Boulder Subalpine Wildflower/Wildlife Alert!

If you have forgotten water lilies floating
On a dark lake among mountains in the afternoon shade,
If you have forgotten their wet, sleepy fragrance,
Then you can return and not be afraid.

But if you remember, then turn away forever
To the plains and the prairies where pools are far apart,
There you will not come at dusk on closing water lilies,
And the shadow of mountains will not fall on your heart.

                                                         Water Lilies -Sara Teasdale

The snowbanks have just about  melted in Boulder’s Indian Peaks Wilderness area. The Indian Peaks and glaciers are named (from left/south to north/right) Navajo Peak, Navajo Glacier, Apache Peak, Isabelle Glacier, Shoshoni Peak, Pawnee Pass, Pawnee Peak, Mt. Toll, Paiute Peak and Mt. Audubon. Brainard Lake at 10,300 ft/3100m above sea level is in the foreground…

Indian Peaks Vista Captured 27 July 6:45am 2010 @ 40.07753,-105.572498 (Brainard Lake)

Soon the snow will retreat to the glaciers.  High Country wildflowers have a brief time to attract pollinators before the cold returns setting the stage for a competitive display of  vibrant subalpine color. I took a short hike (about .5mi/.8km) on the Jean Lunning Trail  to capture this multi-hued show…

Rocky Mountain High Flowers Captured 15 July 11:40am 2010 @ 40.074049,-105.587604

Here are some shots of the flowery palette…

Bistort (Bistorta bistortoides) Hosts Pollinator

Scarlet Paintbrush (Castilleja miniata)

Sulphur Paintbrush (Castilleja suphurea)

Elephant Head (Pedicularis groenlandica)

Here’s why it’s called Elephant Head

Why Elephant Head?

Saffron Groundsel (Packera corcata)

Showy Daisy (Erigeron speciosus)

Parry Primrose (primula parryi)

I soon discovered that I was not the only one appreciating the foliage as this moose came into view…

Bullwinkle J. Moose (Alces alces)

I also encountered this male pine grosbeak

Pine Grosbeak (Pinicola enucleator)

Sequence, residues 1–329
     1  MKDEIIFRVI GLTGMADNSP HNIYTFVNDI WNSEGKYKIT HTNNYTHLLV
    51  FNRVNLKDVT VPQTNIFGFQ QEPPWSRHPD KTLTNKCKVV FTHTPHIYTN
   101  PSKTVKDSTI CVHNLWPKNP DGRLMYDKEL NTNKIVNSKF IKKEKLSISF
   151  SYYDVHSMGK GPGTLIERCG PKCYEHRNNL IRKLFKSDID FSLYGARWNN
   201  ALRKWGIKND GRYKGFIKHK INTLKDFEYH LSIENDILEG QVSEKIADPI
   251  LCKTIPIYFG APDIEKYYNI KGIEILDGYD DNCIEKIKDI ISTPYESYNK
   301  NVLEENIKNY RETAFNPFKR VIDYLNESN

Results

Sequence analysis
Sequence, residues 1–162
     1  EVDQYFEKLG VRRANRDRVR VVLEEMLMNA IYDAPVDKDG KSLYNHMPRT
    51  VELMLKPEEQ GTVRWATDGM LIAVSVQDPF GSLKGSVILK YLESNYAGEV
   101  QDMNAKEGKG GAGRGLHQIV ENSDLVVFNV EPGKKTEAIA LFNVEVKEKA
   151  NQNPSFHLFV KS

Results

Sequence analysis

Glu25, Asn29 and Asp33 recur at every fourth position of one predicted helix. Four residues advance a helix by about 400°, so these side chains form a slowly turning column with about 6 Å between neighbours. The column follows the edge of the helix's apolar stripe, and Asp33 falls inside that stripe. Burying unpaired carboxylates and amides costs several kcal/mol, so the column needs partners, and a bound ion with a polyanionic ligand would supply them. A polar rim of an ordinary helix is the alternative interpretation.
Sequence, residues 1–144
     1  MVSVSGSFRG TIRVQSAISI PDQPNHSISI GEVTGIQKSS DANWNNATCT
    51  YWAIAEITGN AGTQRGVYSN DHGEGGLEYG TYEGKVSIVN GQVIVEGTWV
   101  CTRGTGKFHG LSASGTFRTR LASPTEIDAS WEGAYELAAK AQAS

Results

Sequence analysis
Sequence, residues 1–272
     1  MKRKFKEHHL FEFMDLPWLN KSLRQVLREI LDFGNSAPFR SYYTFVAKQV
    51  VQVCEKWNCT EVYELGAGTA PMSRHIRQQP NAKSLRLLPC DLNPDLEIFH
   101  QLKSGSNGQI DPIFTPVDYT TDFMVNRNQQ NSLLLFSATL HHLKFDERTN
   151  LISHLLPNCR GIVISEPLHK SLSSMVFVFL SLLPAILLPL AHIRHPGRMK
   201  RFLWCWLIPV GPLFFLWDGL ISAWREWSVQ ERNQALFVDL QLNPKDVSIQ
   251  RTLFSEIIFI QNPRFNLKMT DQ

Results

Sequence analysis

Not all the snow has melted making Mandy one happy hot dog

Mountain Mandy (Canis chilloutis)

Before returning home we stopped at Red Rock Lake to catch a glimpse of these lilies of the aquatic type

Red Rock Lake Pond Lilies (Nuphar polysepala)

This view would have stopped Claude Monet on his treks…

Les Nénuphars

I got my feet wet to bring you this closeup…

Water Lily Mugshot

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9 Responses to “Boulder Subalpine Wildflower/Wildlife Alert!”

  1. Summertime and the Snowbanks Are Melting « Tales from the Trails Says:

    […] Glacier. The  abundance of moisture released by this snow melt will  turn this area into a carpet of wildflowers… Wildflower Carpet – 22 July 2009 11:00am @ 40° 4'28.06"N […]

  2. James Beissel Says:

    I’ve been enjoying your blog – I think I learn something new with every post. Thanks for the effort!

  3. Anne Guthrie Says:

    Hi Rich — Google white-winged crossbill. Nice photo! Good seeing you on Sanitas this morning.
    Anne

  4. Joyce Gellhorn Says:

    Hi,
    Like your work. Would you be interested in giving a program for the Colorado Nature Camera Cub sometime next winter?
    Joyce

  5. Looking For Fall In All The High Places « Tales from the Trails Says:

    […] the Jean Lunning Trail after a few hundred yards beyond this boardwalk. This area was filled with wildflowers in late July…    The Jean Lunning Trail Boardwalk with Niwot Ridge in […]

  6. Relieve Boulder’s Heat By Adding Feet « Tales from the Trails Says:

    […] is a treasure that I visit often. For more Summer flora and fauna from this unique area see Boulder Subalpine Wildflower/Wildlife Alert!, Summertime and the Snowbanks Are Melting and Continental Snow Cone. Share this:EmailFacebookLike […]

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